At the Alon Levine show, Per-fékt beauty’s team emphasized a natural look that complemented the 1920’s inspired collection. The focus was on a healthy, glowing skin, a strongly-defined brow, and perfectly nude lips.
At Christopher Kane, NARS makeup artist Lucia Pieroni used concealer and a matte lipstick (in Bangkok Pure Matte) to create a tomboy-inspired totally matte nude lip.
The beauty industry is mourning the loss of Horst Rechelbacher, environmentalist, author, hairstylist, and founder of Aveda and Intelligent Nutrients. He died on February 15, 2014 in Minneapolis at the age of 72, after being diagnosed with pancreatic cancer in 2011. His creation of Aveda in 1978, which was inspired by Indian ayurvedic therapies, ushered in a new natural product consciousness in the world of beauty.
Reckelbacher was born in Klagenburt, Austria to an herbalist and shoemaker/designer. His childhood apartment was located across the street from a hair salon and by the age of 14, he became a hairstylist apprentice.
At age 17, he moved to Rome to work in a high-profile salon and received numerous awards. In 1965, he opened a salon in Minneapolis, a city he called home for the duration of his life in the United States, and the headquarters of Aveda and Intelligent Nutrients.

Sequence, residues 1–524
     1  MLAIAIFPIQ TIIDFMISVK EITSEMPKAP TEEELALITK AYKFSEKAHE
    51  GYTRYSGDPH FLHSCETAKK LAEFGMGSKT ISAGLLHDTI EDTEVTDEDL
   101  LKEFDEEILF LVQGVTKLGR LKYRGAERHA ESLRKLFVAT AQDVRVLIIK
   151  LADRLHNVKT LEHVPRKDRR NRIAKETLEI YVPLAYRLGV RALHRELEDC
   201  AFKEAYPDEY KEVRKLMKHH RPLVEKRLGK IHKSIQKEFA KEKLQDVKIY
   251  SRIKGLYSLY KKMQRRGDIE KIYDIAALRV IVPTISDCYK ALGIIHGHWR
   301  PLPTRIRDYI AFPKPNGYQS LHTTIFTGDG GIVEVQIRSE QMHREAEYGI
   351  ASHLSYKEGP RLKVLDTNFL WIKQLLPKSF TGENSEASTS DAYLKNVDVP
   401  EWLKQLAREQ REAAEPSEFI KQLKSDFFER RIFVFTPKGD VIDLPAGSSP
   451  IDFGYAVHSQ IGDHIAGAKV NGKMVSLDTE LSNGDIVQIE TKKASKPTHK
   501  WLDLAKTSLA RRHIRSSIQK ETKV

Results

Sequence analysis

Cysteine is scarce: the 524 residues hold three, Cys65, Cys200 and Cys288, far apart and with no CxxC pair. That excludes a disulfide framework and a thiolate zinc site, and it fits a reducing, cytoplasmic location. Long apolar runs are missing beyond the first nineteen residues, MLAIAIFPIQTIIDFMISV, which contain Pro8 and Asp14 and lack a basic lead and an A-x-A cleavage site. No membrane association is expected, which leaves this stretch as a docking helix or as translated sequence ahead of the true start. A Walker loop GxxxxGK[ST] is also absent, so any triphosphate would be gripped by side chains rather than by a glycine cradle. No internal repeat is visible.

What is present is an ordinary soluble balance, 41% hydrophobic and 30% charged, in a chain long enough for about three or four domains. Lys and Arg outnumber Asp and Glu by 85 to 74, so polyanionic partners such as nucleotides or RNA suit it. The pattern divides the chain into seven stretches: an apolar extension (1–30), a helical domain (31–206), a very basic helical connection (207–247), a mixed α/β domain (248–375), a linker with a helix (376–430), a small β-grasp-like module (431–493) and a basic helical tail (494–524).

Aveda began as a plant-based hair care line and soon expanded into skin, body, and aromatherapy. In 1997, he sold Aveda to the Estee Lauder Companies, and switched focus to Intelligent Nutrients, a certified organic, non-toxic, plant-based health and beauty company.
Rechelbacher’s life mission was to create beauty products that were of high quality and also safe to people and the environment.
He is survived by his life partner Kiran Stordalen, his daughter, Nicole Thomas, Nicole’s husband Peter Thomas, his son Peter and wife Mindy Rechelbacher, and his grandchildren Emma, Richard, Evan, Ruby, and Jada.